Down Under: Time for Wallabies to give O'Connor a chance

Alex Broun 12:31 17/04/2017
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The once Wallaby wonderkid O’Connor, last time he wore the green and gold back in 2013.

You are going to think I’m crazy, but Wallabies coach Michael Cheika should bite the bullet and recall wild-child James O’Connor.

You may dismiss this as a lame attempt to deflect attention from the ongoing soapie, “Which Australian Super Rugby team gets the chop this week?” but hear me out.

It’s dark times for Australian rugby. The five, soon to be four, Australian teams in not-so-Super Rugby have hit a new low. Out of 34 matches played so far by the five flunkees, they have won a grand total of 10 and lost 24.

Even more alarming is that only three of those ten wins have come against teams from South Africa or New Zealand. To be precise all three have been against South African teams.

The record against New Zealand teams this year stands at Played 12, Won 0, Lost 12. The national record is only slightly better.

Since their surprise run to the 2015 Rugby World Cup final the Wallabies have won just six out of 15 tests, including four losses on the bounce to England.

The reason to put it bluntly is cattle, or rather the lack of. Australia simply does not have the players to compete against the big boys of the international game – namely England and New Zealand.

And one thing that is not happening in Super Rugby this year, is the uncovering of future Wallabies. Indeed the brightest possibility that has emerged is 30-year-old exleaguie, Karmichael Hunt.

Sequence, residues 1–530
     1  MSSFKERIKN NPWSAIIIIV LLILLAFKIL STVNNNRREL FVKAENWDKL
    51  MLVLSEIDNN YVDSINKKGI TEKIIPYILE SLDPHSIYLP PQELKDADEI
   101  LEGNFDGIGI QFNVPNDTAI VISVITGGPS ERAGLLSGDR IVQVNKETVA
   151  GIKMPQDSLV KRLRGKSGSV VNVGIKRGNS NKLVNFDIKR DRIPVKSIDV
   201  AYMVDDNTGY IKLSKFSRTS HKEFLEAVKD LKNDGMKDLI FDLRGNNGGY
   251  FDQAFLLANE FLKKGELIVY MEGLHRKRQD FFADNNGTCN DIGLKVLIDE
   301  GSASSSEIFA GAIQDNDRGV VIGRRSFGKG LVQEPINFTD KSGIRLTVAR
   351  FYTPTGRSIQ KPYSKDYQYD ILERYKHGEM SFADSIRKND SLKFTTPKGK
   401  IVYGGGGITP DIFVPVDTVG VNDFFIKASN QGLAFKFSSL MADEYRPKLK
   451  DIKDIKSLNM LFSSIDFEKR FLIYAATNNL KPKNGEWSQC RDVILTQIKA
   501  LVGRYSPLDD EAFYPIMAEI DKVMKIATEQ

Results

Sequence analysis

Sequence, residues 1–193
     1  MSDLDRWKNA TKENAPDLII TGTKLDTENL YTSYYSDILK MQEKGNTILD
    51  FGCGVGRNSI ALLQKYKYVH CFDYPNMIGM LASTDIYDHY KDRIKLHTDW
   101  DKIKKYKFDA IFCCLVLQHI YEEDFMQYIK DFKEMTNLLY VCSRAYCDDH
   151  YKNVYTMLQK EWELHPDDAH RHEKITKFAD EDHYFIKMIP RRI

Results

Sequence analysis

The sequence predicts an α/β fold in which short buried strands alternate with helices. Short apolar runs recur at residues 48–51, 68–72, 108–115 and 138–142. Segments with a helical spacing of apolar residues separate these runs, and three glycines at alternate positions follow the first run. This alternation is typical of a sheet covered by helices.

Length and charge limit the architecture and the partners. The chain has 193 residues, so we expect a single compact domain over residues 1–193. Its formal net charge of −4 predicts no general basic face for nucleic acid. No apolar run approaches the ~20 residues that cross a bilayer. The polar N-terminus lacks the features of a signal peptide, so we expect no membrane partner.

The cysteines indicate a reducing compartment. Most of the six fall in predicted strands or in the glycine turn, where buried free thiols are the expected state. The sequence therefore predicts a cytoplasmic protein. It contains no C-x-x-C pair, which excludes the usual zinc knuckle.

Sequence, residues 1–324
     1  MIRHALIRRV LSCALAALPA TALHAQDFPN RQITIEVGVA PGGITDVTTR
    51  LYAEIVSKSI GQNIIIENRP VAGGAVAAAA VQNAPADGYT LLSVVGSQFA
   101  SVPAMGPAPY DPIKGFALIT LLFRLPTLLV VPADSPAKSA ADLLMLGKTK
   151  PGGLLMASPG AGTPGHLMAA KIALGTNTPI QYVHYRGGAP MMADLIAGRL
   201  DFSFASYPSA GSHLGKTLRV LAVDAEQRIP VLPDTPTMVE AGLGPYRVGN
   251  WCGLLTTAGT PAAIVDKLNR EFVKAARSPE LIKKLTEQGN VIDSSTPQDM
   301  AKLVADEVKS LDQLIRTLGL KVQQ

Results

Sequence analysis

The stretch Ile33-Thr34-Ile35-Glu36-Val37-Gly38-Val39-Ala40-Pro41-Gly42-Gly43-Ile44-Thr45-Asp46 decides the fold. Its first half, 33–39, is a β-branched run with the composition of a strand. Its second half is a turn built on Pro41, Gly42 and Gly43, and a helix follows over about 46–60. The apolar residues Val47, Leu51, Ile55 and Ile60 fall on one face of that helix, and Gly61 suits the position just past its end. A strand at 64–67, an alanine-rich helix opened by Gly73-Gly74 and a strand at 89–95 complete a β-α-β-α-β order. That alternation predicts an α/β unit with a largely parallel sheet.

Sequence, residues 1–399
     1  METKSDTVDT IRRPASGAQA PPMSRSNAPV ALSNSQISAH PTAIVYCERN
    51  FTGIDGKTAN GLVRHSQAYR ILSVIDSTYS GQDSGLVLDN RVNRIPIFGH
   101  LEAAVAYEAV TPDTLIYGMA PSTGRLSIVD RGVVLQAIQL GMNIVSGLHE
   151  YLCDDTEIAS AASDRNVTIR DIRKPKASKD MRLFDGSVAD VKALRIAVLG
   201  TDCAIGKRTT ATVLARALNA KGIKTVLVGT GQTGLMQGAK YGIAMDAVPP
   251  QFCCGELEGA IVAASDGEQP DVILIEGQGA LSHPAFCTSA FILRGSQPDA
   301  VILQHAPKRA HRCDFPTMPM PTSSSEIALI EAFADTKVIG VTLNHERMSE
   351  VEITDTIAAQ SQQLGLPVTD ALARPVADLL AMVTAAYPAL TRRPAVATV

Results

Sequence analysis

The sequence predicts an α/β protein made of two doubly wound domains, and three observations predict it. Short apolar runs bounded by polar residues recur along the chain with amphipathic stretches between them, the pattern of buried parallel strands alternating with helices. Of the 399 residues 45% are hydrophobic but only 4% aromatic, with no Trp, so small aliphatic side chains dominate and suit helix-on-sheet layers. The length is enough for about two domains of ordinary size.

The best thing to happen over the last six months has been the news that Waratahs playmaker Kurtley Beale has been lured back from an impressive stint with English Premiership leaders Wasps.

No doubt Cheika, who nurtured Beale during his stint coaching the NSW Waratahs, had a big part to play in re-signing ‘KB’ through until World Cup 2019 in Japan.

So while he’s tempting big guns to return Cheika could do worse than navigating a path for Beale’s one time partner in crime, O’Connor back to Wallaby gold.

O’Connor’s last disastrous spell in Australian rugby was in 2015 when the Reds cut him at the end of one poor season. You know the Reds. They are the team that have finished 13th, 13th and 15th in the last three years of Super Rugby.

There is another famous name also cut from the Reds after one season – a certain Eddie Jones. He isn’t doing too badly these days.

Yes, O’Connor has had his share of off field controversies, his latest being a dalliance with an All Black and a white powder in Paris, but the kid can play.

In his test career to date he has played 44 matches for 22 wins and 223 points, including 14 tries. Compare that with Beale who has scored 12 tries in 60 tests or Quade Cooper, eight tries in 67. Cooper is a good yardstick here.

As a Wallaby fan, who would you rather have on your team sheet – O’Connor or Cooper? And as a non Wallaby fan who would you rather not come on to the field with 10 minutes to play in a tight Bledisloe Cup match – O’Connor or Cooper?